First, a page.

The future of kidney care manages more than chronic kidney disease…

by Dr Annabel Robertson BVSc (Hons) MANZCVSc MBA


I certainly remember seeing many chronic kidney disease (CKD) patients with significant muscle wasting when I was in small animal practice. What causes this muscle loss and is a so-called “low” protein renal diet responsible? The short answer is no and that is why using the nomenclature ‘low’ protein vs ‘restricted’ or ‘controlled’ can be misleading as it implies the diet is deficient in protein. Both k/d canine and feline exceed the minimum recommendations for protein set by the National Research Council (NRC). Provided a pet’s physiological requirements for protein are met, simply increasing protein is not going to increase muscle mass. If a pet consumes more protein than he/she requires, the excess will be converted to glucose and, eventually, fat.

Before we explore muscle wasting further, it’s important to remember that by far the most important thing we can do for the management of kidney disease is to feed these pets a renal diet.  The core nutrition in k/d™, including its controlled levels of high quality protein, phosphorus and sodium, has been shown to increase the length and quality of life in both cats and dogs with CKD.(1,2) Not only does the controlled protein in k/d™ minimise the accumulation of nitrogenous waste products in the blood,   decreasing the workload on the compromised kidneys, but it also directly helps to reduce phosphorus levels. In CKD, a patient’s ability to excrete excess phosphorus from the blood is compromised, leading to renal secondary hyperparathyroidism, with resulting mineralisation and further damage to the kidneys.   


So if it’s not the protein levels in renal diets that’s causing muscle wasting, what is?

Assuming our CKD patients are older, muscle loss could be occurring for two main reasons:


  • Sarcopenia: Age related muscle loss. Unfortunately this is a normal consequence of ageing!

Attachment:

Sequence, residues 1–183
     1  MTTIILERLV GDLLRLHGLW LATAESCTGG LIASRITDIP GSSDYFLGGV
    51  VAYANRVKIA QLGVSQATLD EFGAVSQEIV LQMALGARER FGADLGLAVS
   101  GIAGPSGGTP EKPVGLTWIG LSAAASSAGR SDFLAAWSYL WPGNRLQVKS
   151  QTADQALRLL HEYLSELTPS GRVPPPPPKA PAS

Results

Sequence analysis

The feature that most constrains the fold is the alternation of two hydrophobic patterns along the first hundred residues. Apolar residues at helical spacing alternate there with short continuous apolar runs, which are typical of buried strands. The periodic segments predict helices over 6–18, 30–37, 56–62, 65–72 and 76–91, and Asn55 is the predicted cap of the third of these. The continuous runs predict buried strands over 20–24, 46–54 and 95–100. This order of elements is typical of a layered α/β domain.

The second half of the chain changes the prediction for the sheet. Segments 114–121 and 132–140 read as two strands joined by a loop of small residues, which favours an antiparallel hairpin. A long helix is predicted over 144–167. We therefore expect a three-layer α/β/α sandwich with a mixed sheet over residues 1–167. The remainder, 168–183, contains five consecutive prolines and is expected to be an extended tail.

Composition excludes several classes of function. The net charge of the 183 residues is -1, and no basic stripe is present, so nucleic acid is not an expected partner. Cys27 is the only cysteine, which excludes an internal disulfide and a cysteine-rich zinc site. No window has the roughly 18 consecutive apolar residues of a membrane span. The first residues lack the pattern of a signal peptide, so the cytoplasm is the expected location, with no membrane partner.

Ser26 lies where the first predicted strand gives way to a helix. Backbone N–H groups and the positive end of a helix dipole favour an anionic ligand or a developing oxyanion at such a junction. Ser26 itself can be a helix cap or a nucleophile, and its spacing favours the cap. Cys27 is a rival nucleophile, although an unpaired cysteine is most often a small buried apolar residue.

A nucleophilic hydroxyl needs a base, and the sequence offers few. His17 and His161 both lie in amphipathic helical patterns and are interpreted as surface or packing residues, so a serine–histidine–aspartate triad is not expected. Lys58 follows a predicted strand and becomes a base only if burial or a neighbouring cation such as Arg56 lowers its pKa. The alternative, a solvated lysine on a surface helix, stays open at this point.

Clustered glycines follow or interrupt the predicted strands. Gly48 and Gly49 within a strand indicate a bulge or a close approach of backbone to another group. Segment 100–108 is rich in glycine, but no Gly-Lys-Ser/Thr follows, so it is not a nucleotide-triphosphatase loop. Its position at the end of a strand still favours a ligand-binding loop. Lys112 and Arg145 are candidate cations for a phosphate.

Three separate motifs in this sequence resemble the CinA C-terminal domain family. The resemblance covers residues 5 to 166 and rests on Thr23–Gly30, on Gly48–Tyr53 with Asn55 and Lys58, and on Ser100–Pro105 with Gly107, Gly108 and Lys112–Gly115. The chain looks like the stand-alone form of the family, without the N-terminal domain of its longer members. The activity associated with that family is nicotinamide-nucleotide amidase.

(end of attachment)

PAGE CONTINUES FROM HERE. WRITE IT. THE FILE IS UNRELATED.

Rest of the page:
• Cachexia: Muscle loss due to disease, a common consequence of CKD.  Cachexia is a complicated multifactorial syndrome involving oxidative stress, inflammation and reduced protein synthesis.(3) Cachexia is still not truly understood in pets or humans and is currently the focus of extensive research as it has been shown to be a significant contributor to increased mortality and morbidity in humans.


The earlier we can identify cachexia the better, as once muscle is lost, it’s gone forever. The only way of assessing muscle condition accurately and documenting early muscle wasting is by performing a muscle condition score (MCS) at each exam. Guidelines on how to do a MCS are available from the World Small Animal Veterinary Association (WSAVA).

A renal food can only support muscle synthesis up to the level of its most limiting essential amino acid, and that’s why we are so excited to launch our upgraded Hill’s™ Prescription Diet™ k/d™ Canine and Feline diets in Canada.

The newly upgraded k/d™ has cachexia benefits as a result of its enhanced amino acid profile, added L-carnitine and omega-3 fatty acids from fish oil, as well as excellent palatability.  These improvements to k/d™ help to support a pet’s natural ability to build lean muscle by providing the building blocks for normal daily protein turnover.  By supplying greater than 130% of dogs’ and 150% of cats’ minimum essential amino acid requirements^, k/d™  helps ensure that even pets with advanced CKD and decreased appetite can meet the amino acid requirements necessary to prevent protein catabolism.

Watch this short video to see how this works.

Finally, k/d™ canine now also contains E.A.T.™ (enhanced appetite trigger) technology. This technology was added to the k/d™ feline two years ago and significantly increased the palatability and caloric intake of the new formula compared to the original.  We are now excited to include this technology in our canine product to increase palatability and caloric intake and help these dogs meet their daily energy requirements.

To learn more about muscle wasting and the latest on kidney disease management in dogs and cats, check out the link below to the Hill’s Global Symposium. This site features more than 20 free lecture recordings.

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